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Here are several  good links I hope they help
 
 
Tibi Marin
NASA Dryden AESP
 
http://web.ics.purdue.edu/~braile/edumod/waves/WaveDemo.htm
 
http://earthquake.usgs.gov/learning/topics/?topicID=63
 
http://demonstrations.wolfram.com/PlaneSeismicWaves/
 
http://geon.unavco.org/unavco/IDV_for_GEON_focal.html
 
 
and if anyone is interested in coming to CA and study close and personal the San Andreas Fault please let me know I live closer to it,  I also can take pictures and send them to you.
 
 
 

 

 

 "Today the human race is a single twig on the tree of life, a single species on a single planet. Our condition can thus only be described as extremely fragile, endangered by forces of nature currently beyond our control, our own mistakes, and other branches of the wildly blossoming tree itself. Looked at this way, we can then pose the question of the future of humanity on Earth, in the solar system, and in the galaxy from the standpoint of both evolutionary biology and human nature. The conclusion is straightforward: Our choice is to grow, branch, spread and develop, or stagnate and die."
Robert Zubrin, Entering Space, 1999

 




From: Emma Farmer <[log in to unmask]>
To: [log in to unmask]
Sent: Wednesday, February 4, 2009 12:55:30 PM
Subject: focal mechanisms

Hello GEOED listers:
Thanks Julie, that looks like a great resource for my field methods class!  I think this is a good list to send the following question which I am mulling over these days, if not I apologize...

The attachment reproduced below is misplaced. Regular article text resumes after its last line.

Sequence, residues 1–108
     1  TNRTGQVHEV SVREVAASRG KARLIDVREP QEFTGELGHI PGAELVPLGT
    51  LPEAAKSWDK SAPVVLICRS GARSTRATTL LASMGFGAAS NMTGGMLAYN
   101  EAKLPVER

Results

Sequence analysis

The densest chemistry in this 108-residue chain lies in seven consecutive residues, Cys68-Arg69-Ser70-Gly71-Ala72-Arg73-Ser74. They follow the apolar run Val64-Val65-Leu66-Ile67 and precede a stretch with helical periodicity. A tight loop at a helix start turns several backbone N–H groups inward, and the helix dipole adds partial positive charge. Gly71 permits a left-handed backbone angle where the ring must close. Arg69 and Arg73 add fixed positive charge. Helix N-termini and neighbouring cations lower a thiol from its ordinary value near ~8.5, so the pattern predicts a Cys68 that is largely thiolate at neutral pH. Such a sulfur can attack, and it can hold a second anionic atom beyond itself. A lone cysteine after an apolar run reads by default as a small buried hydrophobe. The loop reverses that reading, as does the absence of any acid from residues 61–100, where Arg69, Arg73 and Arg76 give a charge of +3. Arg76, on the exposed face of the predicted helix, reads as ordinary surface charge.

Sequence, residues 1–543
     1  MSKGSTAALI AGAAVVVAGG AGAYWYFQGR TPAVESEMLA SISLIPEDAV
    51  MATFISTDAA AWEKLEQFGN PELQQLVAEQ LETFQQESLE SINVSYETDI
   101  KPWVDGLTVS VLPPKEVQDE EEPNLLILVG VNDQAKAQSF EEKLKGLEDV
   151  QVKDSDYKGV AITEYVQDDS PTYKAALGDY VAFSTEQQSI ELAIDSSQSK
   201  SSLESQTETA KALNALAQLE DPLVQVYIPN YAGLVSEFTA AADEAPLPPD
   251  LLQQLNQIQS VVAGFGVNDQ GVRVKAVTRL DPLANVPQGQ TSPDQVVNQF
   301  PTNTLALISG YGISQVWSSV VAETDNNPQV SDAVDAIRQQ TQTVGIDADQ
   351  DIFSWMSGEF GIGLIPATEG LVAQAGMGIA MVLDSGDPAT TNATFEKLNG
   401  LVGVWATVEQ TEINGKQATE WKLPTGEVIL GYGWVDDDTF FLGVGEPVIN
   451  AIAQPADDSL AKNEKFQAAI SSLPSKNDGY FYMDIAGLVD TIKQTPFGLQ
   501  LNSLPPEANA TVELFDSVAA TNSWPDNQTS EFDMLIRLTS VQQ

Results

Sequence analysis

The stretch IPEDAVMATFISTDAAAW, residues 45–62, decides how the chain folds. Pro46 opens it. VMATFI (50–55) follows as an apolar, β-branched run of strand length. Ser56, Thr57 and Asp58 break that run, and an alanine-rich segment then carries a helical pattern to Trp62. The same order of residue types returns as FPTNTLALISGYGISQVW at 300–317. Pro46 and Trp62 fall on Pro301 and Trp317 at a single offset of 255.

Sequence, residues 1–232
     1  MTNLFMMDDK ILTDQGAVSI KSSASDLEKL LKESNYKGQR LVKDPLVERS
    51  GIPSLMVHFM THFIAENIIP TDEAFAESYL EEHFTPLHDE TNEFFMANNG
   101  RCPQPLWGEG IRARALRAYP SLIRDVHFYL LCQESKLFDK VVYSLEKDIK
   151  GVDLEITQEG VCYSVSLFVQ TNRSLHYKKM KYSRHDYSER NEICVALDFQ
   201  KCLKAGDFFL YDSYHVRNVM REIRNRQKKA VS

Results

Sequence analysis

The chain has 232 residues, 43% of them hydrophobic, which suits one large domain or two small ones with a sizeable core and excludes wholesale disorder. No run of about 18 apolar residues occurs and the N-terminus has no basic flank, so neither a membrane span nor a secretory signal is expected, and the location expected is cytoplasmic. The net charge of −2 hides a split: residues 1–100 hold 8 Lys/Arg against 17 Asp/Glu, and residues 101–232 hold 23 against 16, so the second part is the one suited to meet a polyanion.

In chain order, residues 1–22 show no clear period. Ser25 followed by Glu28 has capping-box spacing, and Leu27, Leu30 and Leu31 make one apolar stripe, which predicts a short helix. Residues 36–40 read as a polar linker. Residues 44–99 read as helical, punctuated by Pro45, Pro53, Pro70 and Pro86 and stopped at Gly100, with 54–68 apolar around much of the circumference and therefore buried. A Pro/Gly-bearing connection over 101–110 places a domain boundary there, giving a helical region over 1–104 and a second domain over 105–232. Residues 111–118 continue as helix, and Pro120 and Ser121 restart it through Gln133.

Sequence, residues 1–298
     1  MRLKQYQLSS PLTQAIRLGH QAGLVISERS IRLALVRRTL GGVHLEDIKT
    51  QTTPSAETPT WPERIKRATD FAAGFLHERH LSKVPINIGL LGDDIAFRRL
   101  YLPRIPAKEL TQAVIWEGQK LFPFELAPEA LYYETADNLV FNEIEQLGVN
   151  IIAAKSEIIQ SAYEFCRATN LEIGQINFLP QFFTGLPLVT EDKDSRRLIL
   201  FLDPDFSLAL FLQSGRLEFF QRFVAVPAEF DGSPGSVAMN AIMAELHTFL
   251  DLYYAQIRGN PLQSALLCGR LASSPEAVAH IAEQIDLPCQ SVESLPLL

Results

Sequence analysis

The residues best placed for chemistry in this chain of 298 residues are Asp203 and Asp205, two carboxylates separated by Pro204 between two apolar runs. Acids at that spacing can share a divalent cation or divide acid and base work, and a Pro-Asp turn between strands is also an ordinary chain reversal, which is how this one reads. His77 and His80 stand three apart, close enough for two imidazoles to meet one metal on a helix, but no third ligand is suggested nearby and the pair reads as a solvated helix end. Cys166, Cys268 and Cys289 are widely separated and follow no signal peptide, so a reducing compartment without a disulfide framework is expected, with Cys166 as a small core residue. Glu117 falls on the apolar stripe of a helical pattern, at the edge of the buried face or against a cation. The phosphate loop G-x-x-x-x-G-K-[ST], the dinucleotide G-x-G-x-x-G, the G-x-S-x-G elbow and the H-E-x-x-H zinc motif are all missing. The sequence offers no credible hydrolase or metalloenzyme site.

I am looking for some kind of computer animation that explains focal mechanisms ("beach ball diagrams") for earthquakes.  I do lots of hand-waving when I am teaching how they work, and I think the students would get it lots quicker if there were some kind of movie that showed how the compression and extension are generated by the first motions of the quake, and how that relates to the diagram.  If such an animation does not exist, which I suspect, I am poised to create it!  Our computer services department thinks they can make something in Flash, but I hate to reinvent the wheel... so far the only online explanations of focal mechanisms that I have found are static diagrams:
http://earthquake.usgs.gov/learning/glossary.php?termID=71
http://quake.usgs.gov/recenteqs/beachball.html
http://serc.carleton.edu/files/NAGTWorkshops/structure04/Focal_mechanism_primer.pdf
http://www.seismo.unr.edu/htdocs/WGB/Recent/explanation/

I am also thinking of doing some kind of before and after study of how students do on similar exam questions with just my lecturing and the static drawings compared to the introduction of some kind of animation... any advice, links, or ideas would be welcome! 
Thanks very much (and apologies for cross-posting),
--Christa


~~~~~~~~~~~~~~~~~~~~~~
E. Christa Farmer, Ph.D.
Hofstra University
Geology Department
145 Gittleson Hall
Hempstead, NY 11549
516-463-5566
[log in to unmask]
>>> Julie Libarkin <[log in to unmask]> 02/04/09 10:33 AM >>>
All:

A couple of UK colleagues have a new guide to effective fieldwork that 
is grounded in the research on experiential learning. It is well-worth 
reading:

Designing Effective Fieldwork for the Environmental and Natural Sciences
John Maskall and Alison Stokes

http://www.gees.ac.uk/pubs/guides/eesguides.htm#GEESfwGuide

Take care
Julie

Julie Libarkin
Assistant Professor, Director - Geocognition Research Lab
Dept. of Geological Sciences & Division of Science and Math Education
Michigan State University
206 Natural Science
East Lansing, MI 48824
517-355-8369